Table 1

Total number of pseudogenes and full open reading frames (ORFs) of α-gliadin sequences obtained from 11 contrasted spelt accessions, distribution of the full-ORF sequences and enumeration of the canonical forms of the four T-cell stimulatory epitopes among each genome and each accession.

Name*

Accession number

Total number of sequences

Pseudogenes

Full ORF

A

B

D

DQ2.5-glia-α1

DQ2.5-glia-α2

DQ2.5-glia-α3

DQ8-glia-α1

A

B

D

TOT

A

B

D

TOT

A

B

D

TOT

A

B

D

TOT

BEL08

PI348315

42

2

40

11

15

14

9

0

16

25

0

0

16

16

9

0

14

23

0

0

3

3

DK01

PI361811

42

0

42

13

19

10

13

0

13

26

0

0

13

13

10

0

7

17

0

0

5

5

SPA03

PI348572

41

1

40

26

8

6

25

0

12

37

0

0

12

12

24

0

6

30

0

0

4

4

BUL04

PI295063

45

2

43

17

15

11

15

0

17

32

0

0

17

17

15

0

9

24

4

0

4

8

GER11

PI348114

41

2

39

13

17

9

13

0

11

24

0

0

11

11

12

0

7

19

1

0

3

4

GER12

PI348120

36

1

35

18

9

8

16

0

10

26

0

0

10

10

16

0

8

24

1

4

2

7

TAD06

K 52437

47

1

46

14

27

5

8

0

7

15

0

0

7

7

14

0

5

19

0

0

1

1

SWI23

PI347939

45

4

41

15

17

9

15

0

12

27

0

0

12

12

15

0

7

22

0

2

2

4

US06

PI355595

38

4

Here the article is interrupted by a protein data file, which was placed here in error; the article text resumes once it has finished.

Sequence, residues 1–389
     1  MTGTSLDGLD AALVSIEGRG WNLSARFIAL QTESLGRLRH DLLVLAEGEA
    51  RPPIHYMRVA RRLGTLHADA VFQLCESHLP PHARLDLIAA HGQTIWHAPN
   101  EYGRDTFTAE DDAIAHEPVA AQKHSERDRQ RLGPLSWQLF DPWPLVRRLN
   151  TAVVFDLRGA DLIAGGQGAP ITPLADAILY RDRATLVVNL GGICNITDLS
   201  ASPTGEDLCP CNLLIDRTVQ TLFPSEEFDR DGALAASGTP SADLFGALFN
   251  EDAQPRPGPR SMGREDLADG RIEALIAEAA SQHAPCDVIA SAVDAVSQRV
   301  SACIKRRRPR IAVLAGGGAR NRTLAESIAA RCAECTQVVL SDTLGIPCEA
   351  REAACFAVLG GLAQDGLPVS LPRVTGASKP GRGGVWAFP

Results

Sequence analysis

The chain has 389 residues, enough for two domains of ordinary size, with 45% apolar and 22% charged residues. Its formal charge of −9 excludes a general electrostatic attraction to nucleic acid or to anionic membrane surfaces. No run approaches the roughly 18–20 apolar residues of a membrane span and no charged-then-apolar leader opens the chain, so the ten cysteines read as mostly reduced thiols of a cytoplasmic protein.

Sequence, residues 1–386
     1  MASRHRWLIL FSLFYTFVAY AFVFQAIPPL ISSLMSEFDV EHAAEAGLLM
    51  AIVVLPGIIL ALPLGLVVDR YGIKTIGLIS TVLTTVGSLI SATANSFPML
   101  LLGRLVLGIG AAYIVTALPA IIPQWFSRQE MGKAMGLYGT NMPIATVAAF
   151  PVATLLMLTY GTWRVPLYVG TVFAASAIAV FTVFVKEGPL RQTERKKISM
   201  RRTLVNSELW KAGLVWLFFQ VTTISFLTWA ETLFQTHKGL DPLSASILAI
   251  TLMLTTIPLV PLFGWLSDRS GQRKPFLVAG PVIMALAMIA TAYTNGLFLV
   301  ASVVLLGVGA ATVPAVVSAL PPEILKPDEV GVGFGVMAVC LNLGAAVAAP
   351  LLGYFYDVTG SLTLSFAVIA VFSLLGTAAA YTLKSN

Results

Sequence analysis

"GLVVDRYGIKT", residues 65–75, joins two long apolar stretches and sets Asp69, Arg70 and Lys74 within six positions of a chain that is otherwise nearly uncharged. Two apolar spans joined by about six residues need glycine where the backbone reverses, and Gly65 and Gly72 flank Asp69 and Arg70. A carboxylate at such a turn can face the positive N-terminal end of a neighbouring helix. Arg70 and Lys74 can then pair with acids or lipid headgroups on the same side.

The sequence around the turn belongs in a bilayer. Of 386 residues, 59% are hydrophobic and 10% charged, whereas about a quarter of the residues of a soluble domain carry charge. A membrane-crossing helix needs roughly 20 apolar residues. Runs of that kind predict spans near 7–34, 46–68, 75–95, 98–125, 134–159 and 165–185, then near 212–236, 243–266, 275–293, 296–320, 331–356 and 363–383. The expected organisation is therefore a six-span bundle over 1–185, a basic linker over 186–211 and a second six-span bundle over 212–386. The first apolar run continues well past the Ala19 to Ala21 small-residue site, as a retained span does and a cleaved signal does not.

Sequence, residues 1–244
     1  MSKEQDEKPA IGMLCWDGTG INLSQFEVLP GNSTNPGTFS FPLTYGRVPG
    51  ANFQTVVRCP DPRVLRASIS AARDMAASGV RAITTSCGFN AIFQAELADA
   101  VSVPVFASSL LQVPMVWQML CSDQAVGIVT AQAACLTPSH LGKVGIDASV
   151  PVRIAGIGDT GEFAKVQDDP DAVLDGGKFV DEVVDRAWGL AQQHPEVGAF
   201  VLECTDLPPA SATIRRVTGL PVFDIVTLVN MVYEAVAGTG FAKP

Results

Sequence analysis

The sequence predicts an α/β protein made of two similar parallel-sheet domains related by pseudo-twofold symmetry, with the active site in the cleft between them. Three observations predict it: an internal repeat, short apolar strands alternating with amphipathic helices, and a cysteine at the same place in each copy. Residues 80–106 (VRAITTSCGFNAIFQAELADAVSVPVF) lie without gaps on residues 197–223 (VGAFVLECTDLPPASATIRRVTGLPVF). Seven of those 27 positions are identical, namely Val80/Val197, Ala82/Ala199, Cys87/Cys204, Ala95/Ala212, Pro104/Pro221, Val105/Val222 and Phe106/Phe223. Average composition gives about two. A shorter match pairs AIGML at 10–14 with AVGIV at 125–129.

34

21

7

6

14

0

11

25

0

0

11

11

21

0

6

27

0

1

5

6

Iran77d

CGN 06533

45

1

44

22

7

15

12

0

22

34

0

0

22

22

22

0

14

36

0

0

8

8

IRA03

CGN12270

42

0

42

15

11

16

10

0

24

34

0

0

26

26

15

0

10

25

0

0

11

11

  

464

18

446

185

152

109

150

0

155

305

0

0

157

157

173

0

93

266

6

7

48

61

The 446 full-ORF α-gliadin expressed sequences were checked for the presence of the four T-cell stimulatory epitopes in their canonical forms: P{F/Y}PQPQLPY (DQ2.5-glia-α1), PQPQLPYPQ (DQ2.5-glia-α2), FRPQQPYPQ (DQ2.5-glia-α3) and QGSFQPSQQ (DQ8-glia-α1)

*: Names used for the same accessions in Bertin et al. (2004) except for Iran77d, which was named as in Dvorak et al. (2012)

mRNA extraction and RT-PCR

For each accession, total RNA was extracted from 100 mg seeds using the NucleoSpin® RNA Plant kit (Macherey-Nagel, Germany). The RNA quality was evaluated by a 1 % agarose gel electrophoresis and the RNA was quantified by spectrometry. First strand cDNA was synthetized from 250 ng RNA with oligo(dT)18 primer using the RevertAid H Minus First Strand cDNA Synthesis Kit (Thermo Scientific) in a total volume of 20 μl.

Cloning and sequencing

The α-gliadin coding sequences were amplified by the specific primers GliFS: 5′-ATGAAGACCTTTCTCATC-3′ and GliRS: 5′-GTTRGTACCGAAGATGCC-3′. The reverse primer is degenerated to work with an α-gliadin panel as wide as possible. Despite this precaution, it should however be noted that this could still lead to the amplification of a subset of expressed α-gliadins and thus to an underestimation of the amount of expressed variants. Moreover, the magnitude of this underestimation could vary from one genome to another. The amplification was carried out in 20 μl reaction volume containing 1.25 U Pfu DNA Polymerase (Thermo Scientific), 1 μl cDNA, 2 μl 10× Pfu reaction buffer (with 20 mM MgSO4), 0.2 mM dNTP, 0.25 μM of each primer and nuclease-free water to reach 20 μl. The polymerase chain reaction (PCR) was performed as described by Mitea et al. (2010).